Grayish-cloud overcast this late-afternoon Friday here in California’s Central Valley — and way-cooler, too, then the previous few days. Supposedly, we’re in a small cool space until next week when the fire of summer is rekindled again.
I don’t look forward to the next 90 days or so, weather/environment/outside ambiance is concerned, and not just the sweaty, heavy air, but fire season, too. Times don’t look promising.
In the context of fire — the shit smell off the Uvalde, TX, school shooting continues to grind forward and the stink comes from officials who really don’t want to open up about the poor performance of local police — the FBI is hot on an investigative hunt for the reality of Tuesday’s mass shooting of 19 elementary school students and two teachers. The horror of America right now is indeed on the shoulders of every Republican walking around right now.
This is a good look at what needs to be done — at least, media-wise:
Gun laws and the availability of weapons of war to every asshole 18-years-old and above is beyond ludicrous. However, as long as Republicans have a heavy-handed draw on law-making, then we are indeed f*cked in a shooting gallery. In every aspect of life, Republicans and their cruelty-is-the-point bullshit, and freedums!
Expanding on that, a couple of op/ed pieces at The New Times — first Michelle Goldberg this morning wrote of a broke-down, but heavily-armed America that might be beyond repair, and boiling with right-wing-influenced armed violence:
These days, it’s barely remarkable when Republicans issue what sound like threats against those who’d dare curtail their private arsenals.
“I have news for the embarrassment that claims to be our president — try to take our guns and you’ll learn why the Second Amendment was written in the first place,” Randy Fine, a state representative in Florida, tweeted on Wednesday.
It will be impossible to do anything about guns in this country, at least at a national level, as long as Democrats depend on the cooperation of a party that holds in reserve the possibility of insurrection.
The slaughter of children in Texas has done little to alter this dynamic.
She continues with a bleak picture of our immediate future:
The horrifying irony, the hideous ratchet, is that the more America is besieged by senseless violence, the more the paramilitary wing of the American right is strengthened.
Gun sales tend to rise after mass shootings. Republicans responded to the massacre in Uvalde by doubling down on calls to arm teachers and “harden” schools.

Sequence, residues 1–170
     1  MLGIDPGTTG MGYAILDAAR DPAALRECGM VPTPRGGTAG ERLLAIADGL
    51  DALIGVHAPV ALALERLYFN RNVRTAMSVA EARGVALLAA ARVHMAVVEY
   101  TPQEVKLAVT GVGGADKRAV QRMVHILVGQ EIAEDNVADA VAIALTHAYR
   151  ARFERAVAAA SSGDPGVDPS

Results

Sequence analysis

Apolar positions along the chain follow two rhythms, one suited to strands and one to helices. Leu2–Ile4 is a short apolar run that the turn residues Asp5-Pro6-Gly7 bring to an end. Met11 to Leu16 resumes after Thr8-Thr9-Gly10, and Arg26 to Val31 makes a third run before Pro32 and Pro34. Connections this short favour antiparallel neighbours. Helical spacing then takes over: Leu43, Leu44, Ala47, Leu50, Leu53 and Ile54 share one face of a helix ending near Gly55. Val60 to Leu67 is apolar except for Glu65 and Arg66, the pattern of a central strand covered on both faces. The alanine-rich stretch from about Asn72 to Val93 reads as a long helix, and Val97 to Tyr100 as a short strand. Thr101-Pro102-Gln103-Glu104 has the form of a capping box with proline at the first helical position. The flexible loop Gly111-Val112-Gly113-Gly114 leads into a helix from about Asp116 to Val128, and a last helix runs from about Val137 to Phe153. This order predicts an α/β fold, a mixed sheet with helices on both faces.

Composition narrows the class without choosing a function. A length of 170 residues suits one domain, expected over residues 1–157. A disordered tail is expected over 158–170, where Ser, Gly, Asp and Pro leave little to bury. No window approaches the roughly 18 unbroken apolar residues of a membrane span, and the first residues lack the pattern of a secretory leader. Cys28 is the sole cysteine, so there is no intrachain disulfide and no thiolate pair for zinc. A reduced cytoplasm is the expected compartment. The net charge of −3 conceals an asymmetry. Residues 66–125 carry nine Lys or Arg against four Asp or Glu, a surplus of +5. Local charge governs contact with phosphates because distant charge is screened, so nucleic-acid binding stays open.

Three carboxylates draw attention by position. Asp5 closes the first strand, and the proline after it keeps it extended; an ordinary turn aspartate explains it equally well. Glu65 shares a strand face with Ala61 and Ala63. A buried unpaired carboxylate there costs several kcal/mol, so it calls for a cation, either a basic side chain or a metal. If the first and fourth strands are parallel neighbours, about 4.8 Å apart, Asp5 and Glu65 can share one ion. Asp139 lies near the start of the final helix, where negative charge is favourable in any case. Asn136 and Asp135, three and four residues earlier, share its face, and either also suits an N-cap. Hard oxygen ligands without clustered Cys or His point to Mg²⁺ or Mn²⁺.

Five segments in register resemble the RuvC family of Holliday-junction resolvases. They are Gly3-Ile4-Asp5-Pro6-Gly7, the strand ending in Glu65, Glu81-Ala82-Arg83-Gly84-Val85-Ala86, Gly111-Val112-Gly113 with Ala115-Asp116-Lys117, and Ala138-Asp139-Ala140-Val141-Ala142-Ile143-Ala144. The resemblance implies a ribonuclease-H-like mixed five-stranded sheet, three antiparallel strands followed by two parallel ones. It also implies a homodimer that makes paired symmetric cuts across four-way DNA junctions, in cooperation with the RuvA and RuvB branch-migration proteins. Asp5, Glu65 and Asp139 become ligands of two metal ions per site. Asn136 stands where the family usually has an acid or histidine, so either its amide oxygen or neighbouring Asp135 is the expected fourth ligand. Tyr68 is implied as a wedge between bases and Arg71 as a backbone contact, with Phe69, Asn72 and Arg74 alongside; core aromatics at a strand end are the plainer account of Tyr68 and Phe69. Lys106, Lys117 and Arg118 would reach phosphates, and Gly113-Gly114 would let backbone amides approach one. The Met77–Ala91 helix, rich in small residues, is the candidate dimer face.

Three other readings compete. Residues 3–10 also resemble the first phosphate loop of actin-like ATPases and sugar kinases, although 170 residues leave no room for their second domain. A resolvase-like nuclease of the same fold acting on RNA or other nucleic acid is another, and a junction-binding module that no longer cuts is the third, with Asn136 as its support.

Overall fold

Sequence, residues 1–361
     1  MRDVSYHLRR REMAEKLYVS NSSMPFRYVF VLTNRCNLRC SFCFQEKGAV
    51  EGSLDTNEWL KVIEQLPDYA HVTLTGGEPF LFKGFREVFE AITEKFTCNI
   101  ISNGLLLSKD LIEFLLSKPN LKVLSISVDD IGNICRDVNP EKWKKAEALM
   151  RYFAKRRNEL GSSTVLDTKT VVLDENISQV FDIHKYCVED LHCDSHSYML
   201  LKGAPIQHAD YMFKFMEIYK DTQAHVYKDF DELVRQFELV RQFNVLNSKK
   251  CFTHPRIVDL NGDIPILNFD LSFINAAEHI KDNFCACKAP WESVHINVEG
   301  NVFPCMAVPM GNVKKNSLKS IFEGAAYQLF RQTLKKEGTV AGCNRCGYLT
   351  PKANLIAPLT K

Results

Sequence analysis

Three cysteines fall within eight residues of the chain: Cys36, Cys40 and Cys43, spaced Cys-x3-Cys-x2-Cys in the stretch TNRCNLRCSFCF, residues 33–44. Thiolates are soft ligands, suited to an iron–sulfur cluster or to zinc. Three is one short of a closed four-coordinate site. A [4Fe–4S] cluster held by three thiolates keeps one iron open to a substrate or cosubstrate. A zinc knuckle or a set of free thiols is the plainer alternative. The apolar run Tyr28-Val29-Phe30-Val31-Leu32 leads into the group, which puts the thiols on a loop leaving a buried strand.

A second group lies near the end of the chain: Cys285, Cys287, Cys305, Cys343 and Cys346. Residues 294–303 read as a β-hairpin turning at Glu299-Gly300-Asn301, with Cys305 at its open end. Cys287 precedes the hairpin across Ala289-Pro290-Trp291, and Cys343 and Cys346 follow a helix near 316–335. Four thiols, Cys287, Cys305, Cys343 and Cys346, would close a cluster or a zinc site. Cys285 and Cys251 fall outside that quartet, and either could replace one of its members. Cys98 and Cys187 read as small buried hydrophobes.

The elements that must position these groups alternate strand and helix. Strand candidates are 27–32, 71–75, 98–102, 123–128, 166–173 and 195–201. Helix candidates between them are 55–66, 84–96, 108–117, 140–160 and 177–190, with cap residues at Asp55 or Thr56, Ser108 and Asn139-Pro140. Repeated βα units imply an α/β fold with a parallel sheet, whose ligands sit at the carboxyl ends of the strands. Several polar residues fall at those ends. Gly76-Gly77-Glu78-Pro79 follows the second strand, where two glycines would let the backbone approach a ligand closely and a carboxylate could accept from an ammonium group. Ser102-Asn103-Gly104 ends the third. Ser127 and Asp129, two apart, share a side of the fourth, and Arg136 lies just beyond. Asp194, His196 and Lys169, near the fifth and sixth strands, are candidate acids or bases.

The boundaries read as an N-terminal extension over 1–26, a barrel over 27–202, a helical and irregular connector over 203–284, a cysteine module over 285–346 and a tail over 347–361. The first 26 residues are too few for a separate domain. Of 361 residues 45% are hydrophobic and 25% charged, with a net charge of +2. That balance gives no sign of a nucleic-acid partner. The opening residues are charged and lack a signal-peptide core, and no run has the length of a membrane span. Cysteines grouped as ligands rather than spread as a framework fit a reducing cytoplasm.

An article in The Federalist argued that parents must home-school so that kids can learn “in a controlled environment where guns can be safely carried for self-defense or locked away when not in use.”
It’s a vision of a society — if you can call it that — where every family is a fortress.
More at the link. Not encouraging.
Neither was Paul Krugman, who yesterday also at the Times aimed at Republican hypocritical power plays with mass shootings in their long-time crap of guns deter other guns — interesting highlights:
Actually, if you take the proposals by Cruz, Patrick and others literally, they amount to a call for turning the land of the free into a giant armed camp. There are around 130,000 K-12 schools in America; there are close to 40,000 supermarkets; there are many other venues that might offer prey for mass killers.
So protecting all these public spaces Republican-style would require creating a heavily armed, effectively military domestic defense force — heavily armed because it would face attackers with body armor and semiautomatic weapons — that would be at least as big as the Marine Corps.
OK, I think everyone realizes that none of what Republicans are saying about how to respond to mass shootings will translate into actual policy proposals. They’re barely even trying to make sense.
Instead, they’re just making noise to drown out rational discussion until the latest atrocity fades from the news cycle.
The truth is that conservatives consider mass shootings, and for that matter America’s astonishingly high overall rate of gun deaths, as an acceptable price for pursuing their ideology.
But what is that ideology? I’d argue that while talk about America’s unique gun culture isn’t exactly wrong, it’s too narrow. What we’re really looking at here is a broad assault on the very idea of civic duty — on the idea that people should follow certain rules, accept some restrictions on their behavior, to protect the lives of their fellow citizens.
In other words, we should think of vehement opposition to gun regulations as a phenomenon closely linked to vehement (and highly partisan) opposition to mask mandates and vaccination in the face of a deadly pandemic, vehement opposition to environmental rules like the ban on phosphates in detergent, and more.
We’re in for some rough road ahead — or maybe no road at all, just a dense path of major ugliness.
In the short term, however, there is some slice of optimism:
— Molly Jong-Fast (@MollyJongFast) May 27, 2022
Protest the shit out of the NRA convention in Houston, but don’t expect much. I’m a natural-born pessimist, so leave it at that.
In the shadow of repetitive horror, here we are once again…
(Illustration out front: Pablo Picasso’s ‘The Weeping Woman [La Femme qui pleure],’ found here)